Months Later, Sniper Attack at Power Hub Still a Mystery
SAN FRANCISCO — A mysterious and sophisticated sniper attack last year on a Silicon Valley power substation has underscored concerns about the vulnerability of the country’s electrical grid and prompted debate over whether it was an act of terrorism.
The chain of events is not in dispute: Shortly before 1:30 a.m. on April 16, 2013, one or more people methodically cut communication cables near a Pacific Gas & Electric substation in San Jose, sprayed more than 100 rifle bullets and knocked out 17 of the station’s 23 transformers before fleeing and avoiding capture. A grainy black-and-white surveillance video released by the Santa Clara County Sheriff’s office in a search for leads shows shots being fired for about a minute at the substation.
Though the utility was able to prevent a power failure by diverting electricity from other areas, the damage took 27 days to repair, said Brian Swanson, a spokesman for Pacific Gas & Electric.
The Federal Bureau of Investigation has been investigating the attack, but says it has no evidence of terrorism nor any suspects.
“The F.B.I. at this time does not believe it is related to terrorism, based on the initial assessment of the investigation,” Peter Lee, an agency spokesman in San Francisco, said, adding that he was unable to disclose further details. The agency also considers the attack an isolated one, Mr. Lee said.
A law enforcement official briefed on the investigation said the situation so far was ambiguous.
“When you don’t know who did it and you don’t know what their motives were, it is very hard to say whether it was terrorism or not,” the official said. “Some people said it looks like they had military training, some people say that you can learn this from a video game. We just don’t know.”
So who knows? But based on my extensive reading of fictional thrillers, I found this to be thought-provoking:
The attack has renewed anxiety over the potential vulnerability of the power grid to physical attack, adding to worries about cybersecurity and the ordinary adversaries of hurricanes, floods, wild animals and falling trees.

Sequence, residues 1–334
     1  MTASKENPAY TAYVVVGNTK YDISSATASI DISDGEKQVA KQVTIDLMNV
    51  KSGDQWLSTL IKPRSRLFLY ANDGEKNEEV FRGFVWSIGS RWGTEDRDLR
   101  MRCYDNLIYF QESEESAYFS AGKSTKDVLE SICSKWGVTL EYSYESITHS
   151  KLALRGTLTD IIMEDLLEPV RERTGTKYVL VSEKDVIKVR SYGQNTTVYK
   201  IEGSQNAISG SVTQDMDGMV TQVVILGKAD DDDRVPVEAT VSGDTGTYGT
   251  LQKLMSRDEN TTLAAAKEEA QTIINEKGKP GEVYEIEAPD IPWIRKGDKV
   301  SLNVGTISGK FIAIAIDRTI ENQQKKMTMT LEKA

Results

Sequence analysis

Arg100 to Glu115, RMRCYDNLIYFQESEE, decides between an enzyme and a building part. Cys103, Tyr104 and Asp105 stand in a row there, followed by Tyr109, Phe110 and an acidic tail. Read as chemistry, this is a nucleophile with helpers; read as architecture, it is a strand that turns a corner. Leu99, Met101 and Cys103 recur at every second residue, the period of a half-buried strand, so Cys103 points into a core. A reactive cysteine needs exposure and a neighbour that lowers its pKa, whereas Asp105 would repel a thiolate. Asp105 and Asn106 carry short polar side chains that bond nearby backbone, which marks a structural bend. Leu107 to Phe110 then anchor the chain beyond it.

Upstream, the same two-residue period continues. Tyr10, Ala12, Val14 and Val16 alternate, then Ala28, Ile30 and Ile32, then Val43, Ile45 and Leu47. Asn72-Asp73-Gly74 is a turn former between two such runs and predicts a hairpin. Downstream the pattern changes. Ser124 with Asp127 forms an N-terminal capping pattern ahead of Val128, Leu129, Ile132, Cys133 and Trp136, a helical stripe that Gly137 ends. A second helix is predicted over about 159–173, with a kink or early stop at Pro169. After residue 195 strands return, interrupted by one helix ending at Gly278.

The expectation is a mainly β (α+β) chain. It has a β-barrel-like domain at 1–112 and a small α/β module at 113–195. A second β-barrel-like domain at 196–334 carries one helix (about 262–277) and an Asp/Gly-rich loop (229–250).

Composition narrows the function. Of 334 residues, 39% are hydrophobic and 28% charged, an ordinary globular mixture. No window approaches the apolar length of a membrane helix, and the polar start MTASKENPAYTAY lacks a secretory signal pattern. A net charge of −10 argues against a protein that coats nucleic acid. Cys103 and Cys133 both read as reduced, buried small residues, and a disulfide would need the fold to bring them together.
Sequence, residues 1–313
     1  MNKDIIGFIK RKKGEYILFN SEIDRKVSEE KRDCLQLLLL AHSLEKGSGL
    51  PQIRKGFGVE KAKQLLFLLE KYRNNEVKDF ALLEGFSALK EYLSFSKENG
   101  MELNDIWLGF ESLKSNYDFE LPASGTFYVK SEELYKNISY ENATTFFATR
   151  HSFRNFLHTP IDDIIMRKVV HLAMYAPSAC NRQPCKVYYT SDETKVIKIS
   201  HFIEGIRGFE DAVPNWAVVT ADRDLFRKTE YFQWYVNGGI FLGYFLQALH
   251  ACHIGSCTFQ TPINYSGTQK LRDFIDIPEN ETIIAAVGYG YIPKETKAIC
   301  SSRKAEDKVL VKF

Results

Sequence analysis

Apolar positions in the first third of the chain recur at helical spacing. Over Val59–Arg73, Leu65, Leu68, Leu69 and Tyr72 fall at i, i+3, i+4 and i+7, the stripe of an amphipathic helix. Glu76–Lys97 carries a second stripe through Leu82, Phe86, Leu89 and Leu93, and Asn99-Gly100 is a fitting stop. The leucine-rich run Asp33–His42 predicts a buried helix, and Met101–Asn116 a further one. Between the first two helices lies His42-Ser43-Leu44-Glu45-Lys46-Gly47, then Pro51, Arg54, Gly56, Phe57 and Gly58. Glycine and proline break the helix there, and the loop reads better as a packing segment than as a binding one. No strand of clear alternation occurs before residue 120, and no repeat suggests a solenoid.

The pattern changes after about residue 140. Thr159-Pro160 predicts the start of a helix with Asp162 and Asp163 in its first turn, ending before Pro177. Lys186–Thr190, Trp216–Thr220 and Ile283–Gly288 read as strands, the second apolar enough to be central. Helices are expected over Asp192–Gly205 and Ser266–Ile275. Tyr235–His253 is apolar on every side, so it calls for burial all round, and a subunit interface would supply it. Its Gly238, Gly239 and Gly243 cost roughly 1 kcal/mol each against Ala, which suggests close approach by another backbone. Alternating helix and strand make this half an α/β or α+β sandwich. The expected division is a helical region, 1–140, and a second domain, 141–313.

On Wednesday, utility officials tried to tamp down concern. “It’s harder to knock out the lights than people think because of redundancy and resilience,” said Gerry W. Cauley, president of the North American Electric Reliability Corporation, a nonprofit group that sets standards for the nation’s utilities.
The location of substations is public, but it is a closely guarded secret what combination of them would have to be knocked out to cause extensive harm. It could be as few as a handful in each of the three grids, the eastern continent, from Halifax to New Orleans, the western continent, from New Mexico to Vancouver, and Texas.
We are building to the payoff:
In response to the April attack, the nation’s electric utilities began a two-and-a-half-year program to identify what substations or combinations of substations were most critical to the operations of the continent’s three power grids, how to minimize damage to them once an attack was detected, how to bring in law enforcement personnel before sending in the repair crews, and how to reconfigure the system after an attack to achieve maximum capacity.
I am sure this has crossed the minds of the people involved in this study, but - the playbook for the good guys could easily double as the game plan for the bad guys.
Just imagine that the people who hit the San Jose station are pros with a plan. And suppose they have their own Edward Snowden operating inside a utility somewhere. Within the next few years they may be able to steal away with the detailed assessment of the critical vulnerabilities of our nation's power grids which is currently under development. We might even speculate (wildly!) that a key goal of the San Jose exercise was to try to provoke the creation of such a plan.
Of course, the good guys see through this so they track access to the developing plans very carefully in an attempt to flush out the mole. Or try too - geez, such a page-turner.